After it was almost clear after 9th meeting of GST Council that GST may now be implemented from July, 2017 only, at the earliest, all eyes were on the Union Budget 2017-18 which has since been presented in the Parliament of India on 1st February, 2017.
Only time will tell us whether it is the last Budget for Service Tax, Central Excise and Central Sales Tax and that whether fiscal 2017-18 is going to be the historic year of transition to biggest ever indirect tax reform in Indian economic space.
There were expectations, and obviously, that Budget may dwell upon GST in detail and pave a way for implementation of GST. Though no clear road map for GST to be in place has been made or announced, there are number of indications which assure us that GST will come, in any case by September, 2017.
GST related Budget Highlights
a) No clear cut road map laid
b) Acknowledges Constitutional Amendment unanimously
c) Acknowledges State Government’s role in resolving issues in GSTC
d) 9 meetings of GSTC so far, 10th one proposed on 18th February, 2017.
e) Preparation of IT System for GST on schedule
f) Substantial progress on GST front
g) Reach out efforts for trade and industry to make them aware about GST to start from 1st April 2017.
h) GSTN (IT system for GST) will be ready as per schedule
i) CBEC for implementation of GST as per schedule without compromising on spirit of co-operation federations.
j) GST likely to bring more taxes to Centre and States because widening of tax base.
k) Not many changes in current central excise and Service Tax regime as these will be replaced soon by GST
l) No change in tax rates of excise duty as well as service tax.
m) Abolishment of R & D cess is in allignment with GST
The present Budget is focused on TEC, i.e., transform, energize and clean India which contains measures for stimulating growth, digital economy and ease of doing business. It also seeks to facilitate RAPID, i.e., Revenue, Accountability, Probity, Information and Digitalization. There are number of clues on goods and services tax but without any assurance on implementation schedule.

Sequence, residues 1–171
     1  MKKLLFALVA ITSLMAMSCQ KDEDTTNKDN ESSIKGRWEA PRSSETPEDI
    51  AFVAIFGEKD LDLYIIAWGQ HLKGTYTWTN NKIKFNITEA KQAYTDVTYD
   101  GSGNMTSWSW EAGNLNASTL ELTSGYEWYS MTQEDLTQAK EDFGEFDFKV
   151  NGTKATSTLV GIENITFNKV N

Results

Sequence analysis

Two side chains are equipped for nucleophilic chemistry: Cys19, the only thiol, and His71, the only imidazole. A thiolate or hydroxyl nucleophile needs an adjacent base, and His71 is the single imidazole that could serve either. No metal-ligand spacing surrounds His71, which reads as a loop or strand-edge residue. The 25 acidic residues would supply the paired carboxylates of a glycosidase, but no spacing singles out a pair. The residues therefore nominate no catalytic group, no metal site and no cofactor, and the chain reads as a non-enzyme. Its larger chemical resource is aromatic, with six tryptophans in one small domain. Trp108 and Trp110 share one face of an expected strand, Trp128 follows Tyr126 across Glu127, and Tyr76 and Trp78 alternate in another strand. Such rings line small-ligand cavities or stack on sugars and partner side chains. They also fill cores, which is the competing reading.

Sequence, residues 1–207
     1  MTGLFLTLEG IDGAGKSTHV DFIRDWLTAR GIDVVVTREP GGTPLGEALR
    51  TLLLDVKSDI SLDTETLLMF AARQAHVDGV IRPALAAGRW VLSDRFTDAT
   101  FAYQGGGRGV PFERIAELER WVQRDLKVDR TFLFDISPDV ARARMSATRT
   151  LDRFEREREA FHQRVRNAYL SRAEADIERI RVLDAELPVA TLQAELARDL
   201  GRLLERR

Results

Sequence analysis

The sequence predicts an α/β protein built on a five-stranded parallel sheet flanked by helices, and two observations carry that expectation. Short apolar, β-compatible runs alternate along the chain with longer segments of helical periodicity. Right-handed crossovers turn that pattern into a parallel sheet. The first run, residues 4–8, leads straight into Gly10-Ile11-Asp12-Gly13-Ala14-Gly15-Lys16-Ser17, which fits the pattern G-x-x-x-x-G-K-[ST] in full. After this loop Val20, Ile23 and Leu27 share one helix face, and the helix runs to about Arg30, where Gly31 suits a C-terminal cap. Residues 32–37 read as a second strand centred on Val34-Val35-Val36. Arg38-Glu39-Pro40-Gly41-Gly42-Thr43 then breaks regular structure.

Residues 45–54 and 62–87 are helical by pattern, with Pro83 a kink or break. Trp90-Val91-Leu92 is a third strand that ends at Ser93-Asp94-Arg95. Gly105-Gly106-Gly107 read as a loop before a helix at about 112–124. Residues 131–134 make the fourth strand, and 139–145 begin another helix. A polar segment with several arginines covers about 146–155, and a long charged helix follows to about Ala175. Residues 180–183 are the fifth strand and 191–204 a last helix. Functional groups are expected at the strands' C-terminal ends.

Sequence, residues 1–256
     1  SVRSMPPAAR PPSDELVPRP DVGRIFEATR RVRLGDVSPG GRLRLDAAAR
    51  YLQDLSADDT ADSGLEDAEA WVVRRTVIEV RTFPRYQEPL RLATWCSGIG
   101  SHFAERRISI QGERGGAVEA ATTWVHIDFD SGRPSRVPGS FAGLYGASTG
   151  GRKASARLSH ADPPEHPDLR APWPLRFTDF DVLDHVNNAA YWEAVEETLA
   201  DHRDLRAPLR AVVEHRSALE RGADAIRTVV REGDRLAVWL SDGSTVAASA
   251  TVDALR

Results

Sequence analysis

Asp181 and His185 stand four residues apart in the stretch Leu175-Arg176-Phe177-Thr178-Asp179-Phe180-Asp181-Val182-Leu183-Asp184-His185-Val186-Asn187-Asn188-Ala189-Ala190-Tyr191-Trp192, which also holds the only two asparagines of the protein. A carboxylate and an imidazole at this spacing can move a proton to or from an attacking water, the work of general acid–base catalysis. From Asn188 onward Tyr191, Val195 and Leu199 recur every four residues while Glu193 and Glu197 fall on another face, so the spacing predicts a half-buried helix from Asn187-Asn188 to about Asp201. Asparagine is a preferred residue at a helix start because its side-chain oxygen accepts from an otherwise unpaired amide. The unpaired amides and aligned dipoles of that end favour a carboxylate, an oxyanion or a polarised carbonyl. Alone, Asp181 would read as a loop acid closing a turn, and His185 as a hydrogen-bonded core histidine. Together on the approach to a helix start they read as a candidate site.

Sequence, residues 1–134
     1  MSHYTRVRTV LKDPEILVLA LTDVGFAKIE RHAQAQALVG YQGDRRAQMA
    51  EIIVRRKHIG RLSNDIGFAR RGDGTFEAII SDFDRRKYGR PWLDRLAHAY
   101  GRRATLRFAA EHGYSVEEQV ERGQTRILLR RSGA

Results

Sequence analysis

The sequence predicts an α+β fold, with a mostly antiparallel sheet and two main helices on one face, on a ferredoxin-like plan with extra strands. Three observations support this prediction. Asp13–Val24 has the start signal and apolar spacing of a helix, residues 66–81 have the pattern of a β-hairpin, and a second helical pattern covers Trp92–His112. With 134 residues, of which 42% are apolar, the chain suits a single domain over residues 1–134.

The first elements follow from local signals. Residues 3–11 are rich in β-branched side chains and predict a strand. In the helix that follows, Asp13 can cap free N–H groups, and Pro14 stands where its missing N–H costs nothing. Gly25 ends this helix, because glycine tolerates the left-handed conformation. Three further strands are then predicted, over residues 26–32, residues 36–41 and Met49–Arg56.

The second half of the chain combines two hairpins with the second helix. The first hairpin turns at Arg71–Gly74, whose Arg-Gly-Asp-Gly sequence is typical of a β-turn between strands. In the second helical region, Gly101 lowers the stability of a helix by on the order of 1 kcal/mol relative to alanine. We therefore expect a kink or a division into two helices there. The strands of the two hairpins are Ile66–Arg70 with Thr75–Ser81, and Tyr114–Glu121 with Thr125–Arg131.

Finance Minister in his Budget speech only stated that he does not propose many change in Service Tax and Central Excise as these will soon be replaced by goods and Service Tax.
In his speech, Finance Minister stated that in the last one year, our country has witnessed historic and impactful economic reforms and policy making. In fact, India was one of the very few economies undertaking transformational reforms. There were two tectonic policy initiatives, namely, passage of the Constitution Amendment Bill for GST and the progress for its implementation and demonetisation of high denomination bank notes. The advantages of GST for our economy in terms of spurring growth, competitiveness, indirect tax simplification and greater transparency have already been extensively discussed in both Houses of Parliament.
There has been substantial progress towards ushering in GST, by far, the biggest tax reform since independence. Since the enactment of the Constitution (One Hundred and First Amendment) Act, 2016, the preparatory work for this path-breaking reform has been a top priority for the Government. In this context, several teams of officers both from the States and Central Board of Excise and Customs have been working tirelessly to give finishing touch to the Model GST law and rules and other details. Government on its part has promptly given effect to various provisions of the Constitutional Amendment Act, including constitution of the GST Council. Since then, the GST Council held 9 meetings to discuss various issues relating to GST, including broad contours of the GST rate structure, threshold exemption and parameters for composition scheme, details for compensation to States due to implementation of GST, examination of draft model GST law, draft IGST law and the Compensation Law and administrative mechanism for GST. It is my privilege to inform this august house that the GST Council has finalised its recommendations on almost all the issues based on consensus and after spirited debate and discussions. The preparation of IT system for GST is also on schedule. The extensive reach-out efforts to trade and industry for GST will start from 1st April, 2017 to make them aware of the new taxation system.
Centre, through the Central Board of Excise & Customs, shall continue to strive to achieve the goal of implementation of GST as per schedule without compromising the spirit of co-operative federalism. Implementation of GST is likely to bring more taxes both to Central and State Governments because of widening of tax net. I have preferred not to make many changes in current regime of Excise & Service Tax because the same are to be replaced by GST soon.
The fact that there is no change proposed for tax rates only indicates the confidence of Government that it will be in a position to roll out GST from July and as such it has not tinkered with tax rates, just for a period of three months. However, the Budget has estimated a revenue collection of as Rs. 2,75,000 crore for financial year 2017-18 as against a revised estimate of Rs. 2,47,500 crore and not just for three months.